Pearl Crescent, Phyciodes tharos

Pearl Crescent

Phyciodes tharos

Above, the species is black along the margins of the wings with a row of thin submarginal crescents that may or may not be noticeable. The rest of the wing is basically orange with a variety of variable dark markings. The spring generation is sometimes very different looking than the later generation. Notice the female from Greenwood Refuge in Waushara County. This individual has very obvious crescents in the wing margin and looks very similar to a spring Pearl Crescent taken by Will Cook in North Carolina. In the female hindwing, there is a solid marginal line that breaks up the orange area, while the male may be more somewhat more open. Below, there is a darker area in the margin of the hindwing that usually includes a pearl-colored crescent.

Woodland edges, roadsides, and open fields.

Overwintering Strategy:   Mid-stage Caterpillars

Two broods. The first brood is found from early May through early July, and then a second brood is present in August through mid September.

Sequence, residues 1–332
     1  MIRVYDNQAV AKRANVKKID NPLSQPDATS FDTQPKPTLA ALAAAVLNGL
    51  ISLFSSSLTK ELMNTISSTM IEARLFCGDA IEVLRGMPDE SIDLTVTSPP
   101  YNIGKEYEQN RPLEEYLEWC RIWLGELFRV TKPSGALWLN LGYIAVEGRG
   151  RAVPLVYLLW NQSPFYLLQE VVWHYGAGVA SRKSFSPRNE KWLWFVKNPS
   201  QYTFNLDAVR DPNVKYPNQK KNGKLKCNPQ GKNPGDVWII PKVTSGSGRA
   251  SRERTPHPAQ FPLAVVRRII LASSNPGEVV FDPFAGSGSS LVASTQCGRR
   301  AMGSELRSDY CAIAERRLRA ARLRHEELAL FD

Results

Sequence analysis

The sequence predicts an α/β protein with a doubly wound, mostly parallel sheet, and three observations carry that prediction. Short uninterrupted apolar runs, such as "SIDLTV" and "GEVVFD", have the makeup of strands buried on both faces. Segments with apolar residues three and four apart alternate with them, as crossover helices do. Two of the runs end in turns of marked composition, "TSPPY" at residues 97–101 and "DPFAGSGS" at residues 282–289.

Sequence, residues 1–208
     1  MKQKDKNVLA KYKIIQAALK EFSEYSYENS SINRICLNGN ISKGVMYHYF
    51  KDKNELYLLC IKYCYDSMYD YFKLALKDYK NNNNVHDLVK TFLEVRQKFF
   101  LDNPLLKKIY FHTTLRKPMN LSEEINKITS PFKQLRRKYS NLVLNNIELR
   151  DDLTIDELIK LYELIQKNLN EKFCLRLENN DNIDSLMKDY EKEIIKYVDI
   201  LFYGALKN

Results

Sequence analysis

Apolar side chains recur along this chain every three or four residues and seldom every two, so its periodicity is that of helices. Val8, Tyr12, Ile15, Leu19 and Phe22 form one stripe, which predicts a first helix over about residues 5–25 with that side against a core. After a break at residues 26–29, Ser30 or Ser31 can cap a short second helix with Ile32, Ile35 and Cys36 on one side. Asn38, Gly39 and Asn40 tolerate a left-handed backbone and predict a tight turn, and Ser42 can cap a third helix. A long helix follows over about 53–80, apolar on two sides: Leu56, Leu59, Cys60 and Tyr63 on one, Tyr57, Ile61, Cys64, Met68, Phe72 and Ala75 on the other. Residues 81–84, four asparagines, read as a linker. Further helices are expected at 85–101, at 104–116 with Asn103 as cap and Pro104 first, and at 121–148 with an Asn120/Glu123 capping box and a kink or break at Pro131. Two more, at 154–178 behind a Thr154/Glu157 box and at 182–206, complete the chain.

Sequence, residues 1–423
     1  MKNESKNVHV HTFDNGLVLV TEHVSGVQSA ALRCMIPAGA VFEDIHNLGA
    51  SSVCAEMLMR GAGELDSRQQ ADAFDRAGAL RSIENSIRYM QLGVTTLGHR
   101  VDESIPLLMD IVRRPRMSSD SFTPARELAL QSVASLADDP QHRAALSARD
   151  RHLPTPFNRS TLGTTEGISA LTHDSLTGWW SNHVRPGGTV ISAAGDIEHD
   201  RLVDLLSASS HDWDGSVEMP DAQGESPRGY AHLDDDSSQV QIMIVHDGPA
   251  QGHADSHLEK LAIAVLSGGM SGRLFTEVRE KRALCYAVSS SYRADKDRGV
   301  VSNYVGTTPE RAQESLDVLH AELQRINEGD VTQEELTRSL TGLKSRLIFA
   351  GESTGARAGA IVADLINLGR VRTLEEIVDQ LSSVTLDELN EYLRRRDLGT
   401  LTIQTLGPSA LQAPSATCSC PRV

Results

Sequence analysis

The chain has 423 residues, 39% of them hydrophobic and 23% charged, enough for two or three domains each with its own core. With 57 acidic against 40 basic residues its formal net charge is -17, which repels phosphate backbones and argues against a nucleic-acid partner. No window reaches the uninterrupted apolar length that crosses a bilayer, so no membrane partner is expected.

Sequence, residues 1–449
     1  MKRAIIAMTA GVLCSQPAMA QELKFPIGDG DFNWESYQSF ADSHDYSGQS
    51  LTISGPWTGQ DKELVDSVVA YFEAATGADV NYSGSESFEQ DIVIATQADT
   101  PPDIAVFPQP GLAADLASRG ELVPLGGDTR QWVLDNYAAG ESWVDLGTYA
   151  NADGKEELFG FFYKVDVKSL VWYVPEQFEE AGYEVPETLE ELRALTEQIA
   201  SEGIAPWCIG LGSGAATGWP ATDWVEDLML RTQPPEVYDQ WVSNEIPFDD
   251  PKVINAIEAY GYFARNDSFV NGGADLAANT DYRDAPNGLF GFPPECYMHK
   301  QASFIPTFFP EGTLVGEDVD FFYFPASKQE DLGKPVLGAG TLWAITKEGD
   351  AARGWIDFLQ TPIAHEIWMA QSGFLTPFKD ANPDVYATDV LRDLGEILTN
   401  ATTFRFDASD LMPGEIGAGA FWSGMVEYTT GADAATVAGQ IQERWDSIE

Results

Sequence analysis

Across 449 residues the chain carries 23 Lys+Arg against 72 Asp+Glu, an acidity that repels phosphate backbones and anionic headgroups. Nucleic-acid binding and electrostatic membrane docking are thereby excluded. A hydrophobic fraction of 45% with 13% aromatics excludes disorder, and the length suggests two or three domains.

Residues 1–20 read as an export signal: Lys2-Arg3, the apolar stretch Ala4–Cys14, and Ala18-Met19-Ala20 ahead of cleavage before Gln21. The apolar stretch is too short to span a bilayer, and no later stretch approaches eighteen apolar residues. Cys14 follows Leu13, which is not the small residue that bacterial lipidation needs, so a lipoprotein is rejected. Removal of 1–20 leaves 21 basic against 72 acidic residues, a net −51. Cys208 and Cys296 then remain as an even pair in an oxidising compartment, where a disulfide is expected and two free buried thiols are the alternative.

Caterpillar Host Plants:
Several species of smooth-leaved true asters including Aster pilosus, A. texanus, and A. laevis.

The Pearl Crescent is one of the most common and widespread butterflies in the eastern United States. It is also one of the hardest butterflies to identify with certainty, because of two very similar butterflies, the Northern and Tawny Crescents.

Overwintering Strategy

Two-way migration: Adult migrates from Wisconsin to Central Mexico
Small migration: Adult migrates from Wisconsin to southern US
Immigrant: Adult migrates into Wisconsin from warmer areas and don't fly south in winter
Adult Butterfly: Hibernates overwinter as an adult butterfly
Eggs: Eggs laid on stems, twigs or foot plants overwinter in diapause
Caterpillar: Caterpillars make nests on the base of plants and hibernate until spring
Chrysalis: Caterpillars shed their last skin, form a chrysalis and enter diapause.

For more information, read: Where Do Butterflies Go In Winter?

Further Information:   

 Design A Butterfly Garden
 Take The Butterfly Quiz
 Monarch Life Cycle
 Butterflies and Moths of North America
 Southern Wisconsin Butterfly Assn (NABA)
 The Butterfly Site

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